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Huckabee 'libido' speech: Did he call tea party Nazis, too?

Mike Huckabee scored points with Republicans with feisty comments on how Democrats 'insult' women, but his linking of conservatives' tactics to Nazi atrocities may take those points, and more, off the board.

By Staff writer / January 24, 2014

Former Arkansas Gov. Mike Huckabee (R) sits down for lunch before speaking at the Republican National Committee winter meeting in Washington on Thursday. His comments on Democrats and women's libidos set off a firestorm. But Republicans weren't too happy, either, with his comments linking conservatives and Nazis.

Susan Walsh/AP

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Mike Huckabee is usually a pretty effective speaker. He’s folksy and cogent and smiles a lot, and that can soften the impact of his often-conservative social issue positions. But he sure created a stir on Thursday with his speech at the winter meeting of the Republican National Committee. Democrats are mad at him for his remarks about their party and women. And that’s not all – some tea party Republicans aren’t too pleased with what Mr. Huckabee said about them, too.

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Washington Editor

Peter Grier is The Christian Science Monitor's Washington editor. In this capacity, he helps direct coverage for the paper on most news events in the nation's capital.

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On the left it’s all about “libido." As we noted Thursday, Huckabee at one point said the GOP should fight harder for women’s votes. The party shouldn’t just sit back and take Democratic charges that Republicans wage a “war on women," the former Arkansas governor told the RNC crowd.

Then he said this: “If the Democrats want to insult the women of America by making them believe that they are helpless without Uncle Sugar coming in and providing for them a prescription each month for birth control because they cannot control their libido or their reproductive system without the help of the government, so be it." 

It’s clear that Huckabee is trying to impute these retrograde beliefs to Democrats. But beyond that, his message was a bit muddied. And the whole subject is just bad news for the GOP, note Washington Post political experts Aaron Blake and Sean Sullivan.

The Democrats are much better at controlling their message in regard to access to birth control, and on the issue of federal contraception mandates, there is lots of enthusiasm for that on the Democratic side.

“The contraception issue is, quite frankly, not the GOP’s friend,” write Mr. Blake and Mr. Sullivan.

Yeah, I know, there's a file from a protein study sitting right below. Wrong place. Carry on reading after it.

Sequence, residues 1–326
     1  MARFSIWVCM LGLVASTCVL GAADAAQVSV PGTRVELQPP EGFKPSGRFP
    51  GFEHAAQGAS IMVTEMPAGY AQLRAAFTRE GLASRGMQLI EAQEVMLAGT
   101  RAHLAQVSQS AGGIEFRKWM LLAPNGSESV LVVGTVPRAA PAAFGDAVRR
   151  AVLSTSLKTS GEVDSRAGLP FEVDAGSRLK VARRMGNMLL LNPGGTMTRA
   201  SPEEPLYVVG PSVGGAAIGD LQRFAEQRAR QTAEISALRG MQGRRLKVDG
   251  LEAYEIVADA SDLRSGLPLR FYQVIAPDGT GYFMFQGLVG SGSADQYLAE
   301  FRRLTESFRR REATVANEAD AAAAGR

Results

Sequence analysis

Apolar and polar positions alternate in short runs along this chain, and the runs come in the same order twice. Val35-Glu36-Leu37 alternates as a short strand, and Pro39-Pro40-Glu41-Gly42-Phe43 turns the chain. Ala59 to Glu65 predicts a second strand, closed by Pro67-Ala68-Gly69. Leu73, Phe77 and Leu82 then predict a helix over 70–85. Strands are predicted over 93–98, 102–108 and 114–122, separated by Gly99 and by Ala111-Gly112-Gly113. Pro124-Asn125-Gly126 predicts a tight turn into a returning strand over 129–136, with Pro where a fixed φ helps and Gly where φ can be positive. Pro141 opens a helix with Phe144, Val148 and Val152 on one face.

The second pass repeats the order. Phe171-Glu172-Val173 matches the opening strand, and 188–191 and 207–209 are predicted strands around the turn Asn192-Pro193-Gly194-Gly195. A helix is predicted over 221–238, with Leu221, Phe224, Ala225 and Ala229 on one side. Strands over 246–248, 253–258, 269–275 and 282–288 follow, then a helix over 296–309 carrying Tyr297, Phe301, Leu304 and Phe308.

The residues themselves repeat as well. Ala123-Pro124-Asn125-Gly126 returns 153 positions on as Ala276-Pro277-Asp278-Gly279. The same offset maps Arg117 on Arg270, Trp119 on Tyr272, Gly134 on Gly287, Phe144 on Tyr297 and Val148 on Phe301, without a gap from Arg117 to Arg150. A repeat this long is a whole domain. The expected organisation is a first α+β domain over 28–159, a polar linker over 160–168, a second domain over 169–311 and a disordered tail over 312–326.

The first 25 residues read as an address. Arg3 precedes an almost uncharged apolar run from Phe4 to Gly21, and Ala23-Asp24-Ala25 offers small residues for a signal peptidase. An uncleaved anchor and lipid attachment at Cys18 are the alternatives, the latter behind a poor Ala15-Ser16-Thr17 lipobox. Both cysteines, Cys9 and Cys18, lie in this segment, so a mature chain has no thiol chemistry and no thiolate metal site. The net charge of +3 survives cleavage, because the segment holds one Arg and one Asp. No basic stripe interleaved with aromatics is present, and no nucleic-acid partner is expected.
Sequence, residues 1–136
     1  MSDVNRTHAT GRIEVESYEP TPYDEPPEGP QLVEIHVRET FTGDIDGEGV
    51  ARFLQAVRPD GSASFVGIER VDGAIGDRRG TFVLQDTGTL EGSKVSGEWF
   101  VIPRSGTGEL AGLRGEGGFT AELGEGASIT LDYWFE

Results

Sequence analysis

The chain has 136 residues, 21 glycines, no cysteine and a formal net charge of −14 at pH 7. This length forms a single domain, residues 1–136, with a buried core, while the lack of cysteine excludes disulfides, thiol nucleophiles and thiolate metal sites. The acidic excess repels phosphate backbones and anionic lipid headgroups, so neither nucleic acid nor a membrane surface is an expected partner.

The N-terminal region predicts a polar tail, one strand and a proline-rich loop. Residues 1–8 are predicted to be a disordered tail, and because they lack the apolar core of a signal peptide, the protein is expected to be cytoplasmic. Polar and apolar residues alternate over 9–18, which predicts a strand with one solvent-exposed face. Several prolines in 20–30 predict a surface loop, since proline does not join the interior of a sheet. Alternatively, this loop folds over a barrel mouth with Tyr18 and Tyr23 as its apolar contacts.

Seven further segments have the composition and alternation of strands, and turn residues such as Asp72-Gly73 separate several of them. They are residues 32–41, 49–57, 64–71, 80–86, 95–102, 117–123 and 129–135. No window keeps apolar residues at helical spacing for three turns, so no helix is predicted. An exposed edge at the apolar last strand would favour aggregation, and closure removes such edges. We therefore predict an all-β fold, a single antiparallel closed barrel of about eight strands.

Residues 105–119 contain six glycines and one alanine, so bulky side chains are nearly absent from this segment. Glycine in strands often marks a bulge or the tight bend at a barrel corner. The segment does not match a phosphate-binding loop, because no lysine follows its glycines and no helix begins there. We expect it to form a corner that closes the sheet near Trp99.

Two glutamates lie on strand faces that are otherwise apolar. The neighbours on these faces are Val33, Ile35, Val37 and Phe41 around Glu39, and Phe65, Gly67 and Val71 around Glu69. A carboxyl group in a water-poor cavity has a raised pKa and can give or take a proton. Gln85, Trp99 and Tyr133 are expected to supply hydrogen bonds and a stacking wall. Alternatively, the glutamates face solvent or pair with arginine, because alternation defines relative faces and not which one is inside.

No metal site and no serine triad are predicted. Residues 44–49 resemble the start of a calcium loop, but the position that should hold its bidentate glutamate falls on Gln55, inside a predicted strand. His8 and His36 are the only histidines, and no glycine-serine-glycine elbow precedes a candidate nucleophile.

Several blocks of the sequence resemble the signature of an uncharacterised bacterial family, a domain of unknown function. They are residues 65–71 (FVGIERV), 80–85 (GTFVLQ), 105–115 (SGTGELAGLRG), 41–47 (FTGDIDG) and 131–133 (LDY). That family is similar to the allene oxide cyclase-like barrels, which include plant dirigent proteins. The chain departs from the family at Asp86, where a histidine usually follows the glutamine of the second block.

But much of the umbrage on this is coming from people who would never vote for Huckabee anyway, if he runs for president in 2016. In that context, it was Huckabee’s less-noticed remark about GOP intramural warfare that might damage his chance of winning the Republican nomination.

In his speech, Huck talked about how he wanted conservatives to stop calling more moderate Republicans RINOs – “Republicans in name only."

“Let’s stop calling each other somehow less Republican than someone else,” he said.

Then Huckabee mentioned that he would be going to Auschwitz next week and that the horror of the Holocaust began with the “devaluation of people."

How could an educated nation like Germany end up doing something so horrible?

“You realize that the only way you can end up there is when you start with the idea that people just aren’t as valuable as you are,” said Huckabee, linking the RINO issue with fascist atrocities in World War II.

Talk about umbrage. “Mike Huckabee Might Want to Rethink That Allusion to Nazis” read the headline on a piece by conservative thought leader Erick Erickson on the right-leaning RedState site.

Huckabee is getting beat up unfairly about the “libido” remark, wrote Mr. Erickson in the piece. But if somebody wants to, say, defeat Senate minority leader Mitch McConnell in his Kentucky primary, that doesn’t make them a Nazi, he added.

“I hope he seriously reconsiders these remarks in his disagreements with conservatives. This is really uncalled for.... It makes one serious about reforming the size and scope of Washington power,” Erickson wrote.

Prior to his RNC speech, Huckabee indicated to reporters that he’s getting lots of positive signs about a presidential race and that he’s mulling it over. In some ways, the “libido” flap might help him with primary voters eager for a candidate to challenge Democrats on all fronts. But angering the tea party wing of the party might not be a good thing there. Huckabee’s past appeal in the party has partly been due to his ability to straddle the line between insurgent and establishment Republicans, and he surely does not want to attract the label "RINO" to himself.

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